How To Hustle Like A Model: Make Things Happen, Find Your Strengths
My alarm is beeping. It’s 6:30am. I roll over and open my eyes. I glance at the bag I pre-packed last night lying by my shoes on the floor and I remember that today I am travelling a further two hours out of town to a shoot that was booked last month. I haul my body out of bed and gather my belongings besides the unfamiliar bathroom of the guest room walls. I pay for my stay at reception and make my way to the next job…
Life on the road can be daunting and sometimes lonely when working for yourself as a freelancer. But the work is eventful, packed with variety and excitement, providing a whole new adventure every day. If I didn’t love my job, there would be no amount of money that could persuade me to bring all my energy. But because my hobby is now my career, like all models and photographers, we all have to hustle to stay afloat.
So here are my top tips in the life of an everyday hustler – written by an average looking girl who continues to work in a competitive industry by blagging her way around the world as a model:
Don’t wait for it to happen because it probably never ever will.
Aspiring models dream of being ‘found’ by an agency, often encouraged by the rare stories of being discovered in shopping malls and then shot to fame overnight. This may well have been the case for fourteen year old Kate Moss, spotted at JFK Airport or sixteen year old Twiggy on the wall of a barbers shop in the sixties. But for most young models, ‘being discovered’ comes only from hard work and intense networking, teamed with infinite dedication and persistence with the same rules applying to all photographers.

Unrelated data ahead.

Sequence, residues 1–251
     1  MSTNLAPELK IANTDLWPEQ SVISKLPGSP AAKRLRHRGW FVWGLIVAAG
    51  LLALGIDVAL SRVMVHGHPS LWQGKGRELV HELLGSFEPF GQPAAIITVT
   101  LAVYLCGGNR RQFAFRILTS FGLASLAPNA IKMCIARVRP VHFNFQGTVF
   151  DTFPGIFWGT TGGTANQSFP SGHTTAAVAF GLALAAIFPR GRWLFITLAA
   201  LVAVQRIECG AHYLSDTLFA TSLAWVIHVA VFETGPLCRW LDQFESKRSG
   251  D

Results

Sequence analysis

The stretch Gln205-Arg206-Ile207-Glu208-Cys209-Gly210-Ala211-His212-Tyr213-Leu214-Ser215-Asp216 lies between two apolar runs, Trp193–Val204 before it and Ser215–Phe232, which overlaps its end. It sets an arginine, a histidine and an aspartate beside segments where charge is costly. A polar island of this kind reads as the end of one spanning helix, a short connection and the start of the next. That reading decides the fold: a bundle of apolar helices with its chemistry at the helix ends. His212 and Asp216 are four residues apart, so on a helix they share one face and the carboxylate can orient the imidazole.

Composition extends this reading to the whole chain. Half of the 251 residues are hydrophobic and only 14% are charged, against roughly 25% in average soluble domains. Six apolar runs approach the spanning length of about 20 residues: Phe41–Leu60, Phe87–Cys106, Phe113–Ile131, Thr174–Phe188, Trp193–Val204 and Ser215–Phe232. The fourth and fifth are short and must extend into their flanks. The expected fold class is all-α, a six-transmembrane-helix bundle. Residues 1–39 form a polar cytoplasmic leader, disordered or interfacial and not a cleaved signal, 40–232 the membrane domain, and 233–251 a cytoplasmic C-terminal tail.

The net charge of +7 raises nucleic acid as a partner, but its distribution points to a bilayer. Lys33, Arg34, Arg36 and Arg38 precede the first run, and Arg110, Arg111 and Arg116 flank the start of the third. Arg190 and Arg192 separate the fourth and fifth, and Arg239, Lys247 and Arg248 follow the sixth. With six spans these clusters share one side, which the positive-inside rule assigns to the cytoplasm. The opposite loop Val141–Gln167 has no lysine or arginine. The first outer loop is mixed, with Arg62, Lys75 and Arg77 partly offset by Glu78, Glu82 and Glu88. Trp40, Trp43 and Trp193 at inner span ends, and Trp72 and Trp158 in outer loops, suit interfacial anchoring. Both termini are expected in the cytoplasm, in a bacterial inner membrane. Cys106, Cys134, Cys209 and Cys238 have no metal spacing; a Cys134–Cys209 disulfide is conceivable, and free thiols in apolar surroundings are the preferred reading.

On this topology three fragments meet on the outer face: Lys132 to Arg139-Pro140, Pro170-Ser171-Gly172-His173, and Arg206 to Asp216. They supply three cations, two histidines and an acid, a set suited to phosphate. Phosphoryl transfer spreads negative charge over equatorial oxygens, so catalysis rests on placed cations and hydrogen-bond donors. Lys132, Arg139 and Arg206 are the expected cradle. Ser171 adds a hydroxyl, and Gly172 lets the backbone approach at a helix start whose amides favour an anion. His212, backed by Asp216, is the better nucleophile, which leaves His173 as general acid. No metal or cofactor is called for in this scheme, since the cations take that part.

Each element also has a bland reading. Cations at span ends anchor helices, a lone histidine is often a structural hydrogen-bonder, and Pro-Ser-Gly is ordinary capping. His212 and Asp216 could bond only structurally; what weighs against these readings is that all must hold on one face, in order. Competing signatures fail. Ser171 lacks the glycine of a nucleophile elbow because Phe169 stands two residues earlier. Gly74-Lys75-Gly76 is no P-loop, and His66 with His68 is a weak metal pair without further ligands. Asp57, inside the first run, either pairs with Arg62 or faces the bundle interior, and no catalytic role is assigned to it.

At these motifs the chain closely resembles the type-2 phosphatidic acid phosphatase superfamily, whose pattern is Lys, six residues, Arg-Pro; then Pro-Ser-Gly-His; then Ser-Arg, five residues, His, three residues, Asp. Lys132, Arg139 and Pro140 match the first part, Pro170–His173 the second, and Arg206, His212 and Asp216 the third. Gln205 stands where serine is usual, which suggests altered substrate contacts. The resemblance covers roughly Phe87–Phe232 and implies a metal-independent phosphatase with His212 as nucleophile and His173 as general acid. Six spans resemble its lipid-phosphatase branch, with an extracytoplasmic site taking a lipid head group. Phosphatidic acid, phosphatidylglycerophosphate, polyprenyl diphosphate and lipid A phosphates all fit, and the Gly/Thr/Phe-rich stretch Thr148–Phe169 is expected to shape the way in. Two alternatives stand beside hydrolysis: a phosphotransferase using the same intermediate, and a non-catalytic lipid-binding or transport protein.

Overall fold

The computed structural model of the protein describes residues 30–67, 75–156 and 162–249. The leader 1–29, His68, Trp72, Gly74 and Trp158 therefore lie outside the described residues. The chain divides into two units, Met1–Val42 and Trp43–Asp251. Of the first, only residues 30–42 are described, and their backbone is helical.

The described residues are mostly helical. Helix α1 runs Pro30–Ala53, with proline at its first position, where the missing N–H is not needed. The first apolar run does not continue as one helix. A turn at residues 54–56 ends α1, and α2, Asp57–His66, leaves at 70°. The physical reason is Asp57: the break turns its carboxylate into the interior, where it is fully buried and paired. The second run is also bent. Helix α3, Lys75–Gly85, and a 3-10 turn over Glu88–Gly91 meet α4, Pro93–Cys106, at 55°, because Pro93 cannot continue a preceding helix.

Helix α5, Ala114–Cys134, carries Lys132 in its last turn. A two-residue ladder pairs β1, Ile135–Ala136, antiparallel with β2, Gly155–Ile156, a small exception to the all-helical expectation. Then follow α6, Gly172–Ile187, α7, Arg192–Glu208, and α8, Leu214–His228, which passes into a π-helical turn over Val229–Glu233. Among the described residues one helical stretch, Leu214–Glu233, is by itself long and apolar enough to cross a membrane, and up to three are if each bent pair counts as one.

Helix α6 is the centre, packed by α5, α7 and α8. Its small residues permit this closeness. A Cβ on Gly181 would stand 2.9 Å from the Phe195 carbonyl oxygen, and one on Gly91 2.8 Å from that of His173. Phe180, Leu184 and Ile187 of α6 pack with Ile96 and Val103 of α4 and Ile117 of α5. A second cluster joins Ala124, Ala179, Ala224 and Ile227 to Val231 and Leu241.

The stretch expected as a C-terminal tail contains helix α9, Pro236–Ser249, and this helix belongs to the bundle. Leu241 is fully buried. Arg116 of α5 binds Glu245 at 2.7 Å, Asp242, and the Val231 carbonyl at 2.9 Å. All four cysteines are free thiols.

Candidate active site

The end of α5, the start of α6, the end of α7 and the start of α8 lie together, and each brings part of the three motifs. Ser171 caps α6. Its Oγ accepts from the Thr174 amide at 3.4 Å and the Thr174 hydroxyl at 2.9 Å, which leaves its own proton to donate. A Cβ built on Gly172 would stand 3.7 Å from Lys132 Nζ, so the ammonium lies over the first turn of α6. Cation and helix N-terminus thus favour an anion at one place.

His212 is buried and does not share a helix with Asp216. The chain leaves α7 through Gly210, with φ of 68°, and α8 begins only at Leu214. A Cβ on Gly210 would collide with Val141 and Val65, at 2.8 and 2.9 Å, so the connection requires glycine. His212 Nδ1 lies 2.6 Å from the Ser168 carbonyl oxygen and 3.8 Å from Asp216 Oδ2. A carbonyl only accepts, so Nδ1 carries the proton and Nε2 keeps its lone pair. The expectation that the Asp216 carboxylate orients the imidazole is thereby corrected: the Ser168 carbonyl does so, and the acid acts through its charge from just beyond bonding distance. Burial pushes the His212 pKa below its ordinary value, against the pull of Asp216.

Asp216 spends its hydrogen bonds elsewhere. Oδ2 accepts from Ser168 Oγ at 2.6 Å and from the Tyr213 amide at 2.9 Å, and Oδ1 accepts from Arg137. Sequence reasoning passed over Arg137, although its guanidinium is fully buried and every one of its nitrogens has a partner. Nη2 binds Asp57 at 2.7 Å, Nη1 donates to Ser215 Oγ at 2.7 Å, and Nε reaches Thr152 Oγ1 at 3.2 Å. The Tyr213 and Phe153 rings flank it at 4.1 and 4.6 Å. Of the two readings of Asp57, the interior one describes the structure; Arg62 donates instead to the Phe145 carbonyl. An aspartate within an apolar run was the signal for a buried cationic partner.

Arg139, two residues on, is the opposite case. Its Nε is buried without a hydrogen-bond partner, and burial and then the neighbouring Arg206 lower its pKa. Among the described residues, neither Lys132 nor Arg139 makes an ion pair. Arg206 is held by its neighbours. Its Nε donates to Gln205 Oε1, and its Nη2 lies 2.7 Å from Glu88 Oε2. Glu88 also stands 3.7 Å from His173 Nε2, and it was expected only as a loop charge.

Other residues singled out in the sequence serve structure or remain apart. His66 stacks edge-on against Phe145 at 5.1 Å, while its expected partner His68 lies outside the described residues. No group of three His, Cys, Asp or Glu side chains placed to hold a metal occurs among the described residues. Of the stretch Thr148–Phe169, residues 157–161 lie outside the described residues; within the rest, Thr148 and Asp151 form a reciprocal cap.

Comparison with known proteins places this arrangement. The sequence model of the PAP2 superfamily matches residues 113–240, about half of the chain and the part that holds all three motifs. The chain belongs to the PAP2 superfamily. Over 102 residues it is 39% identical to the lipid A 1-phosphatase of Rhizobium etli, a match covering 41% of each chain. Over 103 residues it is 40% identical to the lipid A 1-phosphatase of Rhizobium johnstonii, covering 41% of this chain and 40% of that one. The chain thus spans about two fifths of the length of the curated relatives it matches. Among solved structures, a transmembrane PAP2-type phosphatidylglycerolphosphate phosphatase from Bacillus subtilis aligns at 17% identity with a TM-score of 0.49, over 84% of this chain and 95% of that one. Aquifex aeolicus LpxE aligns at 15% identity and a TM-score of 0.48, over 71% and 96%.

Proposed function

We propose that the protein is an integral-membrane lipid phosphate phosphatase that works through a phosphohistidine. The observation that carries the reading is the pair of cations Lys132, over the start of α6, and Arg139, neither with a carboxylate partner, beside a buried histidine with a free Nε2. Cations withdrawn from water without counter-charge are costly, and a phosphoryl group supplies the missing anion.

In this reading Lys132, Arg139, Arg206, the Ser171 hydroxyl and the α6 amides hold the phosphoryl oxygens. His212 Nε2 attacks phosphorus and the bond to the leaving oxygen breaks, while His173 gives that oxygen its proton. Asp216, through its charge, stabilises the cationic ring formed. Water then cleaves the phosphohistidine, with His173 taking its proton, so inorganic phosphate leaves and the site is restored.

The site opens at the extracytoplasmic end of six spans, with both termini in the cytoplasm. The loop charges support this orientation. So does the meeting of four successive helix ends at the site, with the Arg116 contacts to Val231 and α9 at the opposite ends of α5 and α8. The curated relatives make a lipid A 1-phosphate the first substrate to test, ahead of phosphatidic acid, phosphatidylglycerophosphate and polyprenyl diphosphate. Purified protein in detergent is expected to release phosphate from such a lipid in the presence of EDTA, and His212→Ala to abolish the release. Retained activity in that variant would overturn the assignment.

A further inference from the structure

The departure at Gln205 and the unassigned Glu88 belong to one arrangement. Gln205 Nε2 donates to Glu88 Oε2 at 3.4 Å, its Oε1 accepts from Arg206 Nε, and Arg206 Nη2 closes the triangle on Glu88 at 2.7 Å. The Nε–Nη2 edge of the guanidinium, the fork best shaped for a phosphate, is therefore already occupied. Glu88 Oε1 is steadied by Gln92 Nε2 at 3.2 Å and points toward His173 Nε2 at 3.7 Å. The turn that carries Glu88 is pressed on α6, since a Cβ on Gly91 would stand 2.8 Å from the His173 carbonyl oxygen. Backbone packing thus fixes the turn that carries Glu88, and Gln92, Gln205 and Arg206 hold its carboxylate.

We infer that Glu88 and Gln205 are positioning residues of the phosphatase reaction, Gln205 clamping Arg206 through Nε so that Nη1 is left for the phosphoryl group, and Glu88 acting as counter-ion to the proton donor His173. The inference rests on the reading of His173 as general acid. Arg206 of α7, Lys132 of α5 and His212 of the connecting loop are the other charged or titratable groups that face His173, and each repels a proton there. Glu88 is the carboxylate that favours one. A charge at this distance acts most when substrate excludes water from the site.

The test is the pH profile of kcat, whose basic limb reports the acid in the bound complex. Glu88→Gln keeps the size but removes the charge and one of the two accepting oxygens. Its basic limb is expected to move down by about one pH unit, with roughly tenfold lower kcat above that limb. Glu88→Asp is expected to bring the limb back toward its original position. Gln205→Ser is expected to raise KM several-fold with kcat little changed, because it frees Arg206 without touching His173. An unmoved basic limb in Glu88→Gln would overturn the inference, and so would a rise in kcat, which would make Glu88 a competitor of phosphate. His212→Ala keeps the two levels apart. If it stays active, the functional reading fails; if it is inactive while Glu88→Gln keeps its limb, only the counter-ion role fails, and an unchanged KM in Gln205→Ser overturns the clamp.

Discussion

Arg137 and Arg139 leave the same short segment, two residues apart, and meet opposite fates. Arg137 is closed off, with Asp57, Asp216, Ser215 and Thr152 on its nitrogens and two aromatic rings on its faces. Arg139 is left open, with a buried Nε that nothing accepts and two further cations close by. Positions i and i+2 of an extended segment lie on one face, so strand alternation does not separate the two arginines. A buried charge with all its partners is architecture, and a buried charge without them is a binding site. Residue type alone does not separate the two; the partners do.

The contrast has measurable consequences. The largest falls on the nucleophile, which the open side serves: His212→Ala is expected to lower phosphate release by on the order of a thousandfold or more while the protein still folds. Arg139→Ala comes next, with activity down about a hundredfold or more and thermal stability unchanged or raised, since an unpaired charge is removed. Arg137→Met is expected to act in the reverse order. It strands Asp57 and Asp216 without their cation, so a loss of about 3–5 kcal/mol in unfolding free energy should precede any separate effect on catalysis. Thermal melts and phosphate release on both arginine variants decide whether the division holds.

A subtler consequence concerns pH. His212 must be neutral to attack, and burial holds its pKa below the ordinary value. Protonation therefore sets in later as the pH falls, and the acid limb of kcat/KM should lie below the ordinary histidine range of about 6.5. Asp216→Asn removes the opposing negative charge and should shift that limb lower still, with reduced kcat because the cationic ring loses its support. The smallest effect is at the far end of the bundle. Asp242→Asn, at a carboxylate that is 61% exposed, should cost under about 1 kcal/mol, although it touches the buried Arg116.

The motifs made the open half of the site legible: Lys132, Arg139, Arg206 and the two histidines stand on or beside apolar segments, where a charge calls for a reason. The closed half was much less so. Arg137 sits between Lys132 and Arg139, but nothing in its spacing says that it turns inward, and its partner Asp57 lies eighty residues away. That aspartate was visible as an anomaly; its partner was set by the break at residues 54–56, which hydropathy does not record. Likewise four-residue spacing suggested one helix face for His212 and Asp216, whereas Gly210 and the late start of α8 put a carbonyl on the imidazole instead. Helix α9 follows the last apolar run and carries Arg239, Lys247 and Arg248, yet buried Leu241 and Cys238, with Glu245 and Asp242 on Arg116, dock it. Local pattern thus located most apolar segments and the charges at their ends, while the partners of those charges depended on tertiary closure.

Want to be a photographer? Want to be a model? Then be proactive! Join clubs with like minded people to talk about your passion. Learn your craft and increase your confidence through competitions with images of friends and family, not forgetting Mother Nature herself in all her changeable glory. Shadowing other photographers is also a great way to network and observe how their business is run. Many wedding photographers invite unpaid assistants to their gigs, with the opportunity to learn for the inexperienced.
You can always build a portfolio by contacting local talent. For photographers in search of skillful models, speak to local acting classes, dancers and anyone else involved in the arts. Forget not that a model comes in all shapes and sizes with sometimes the most interesting characters be found on the street, by simply opening your eyes to what’s around.
For models seeking a photographer, join online portfolio hosting sites such as Model Mayhem or Purple Port and involve yourself in open discussions (but remember everything you say is representative of your professionalism and brand from the start). It is often worth the money to find a professional photographer to shoot your first pictures, to see if you enjoy it and to start off your book. This can be expensive, so make sure you are 100% happy with their style of work and that you are committed to it as an investment in your future. You will usually need between five and ten pictures to begin with, of both headshots and full length. If you are more interested in the commercial side of modelling, simply visit a reputable agency to see if you have what it takes. However, please be aware that there are ‘agencies’ out there who are also scam artists with notoriously poor reputations, hustling their victims in all the wrong ways. Be wise and do your research, asking as many questions as you can before signing a contract and enquiring the nature of each job put forward.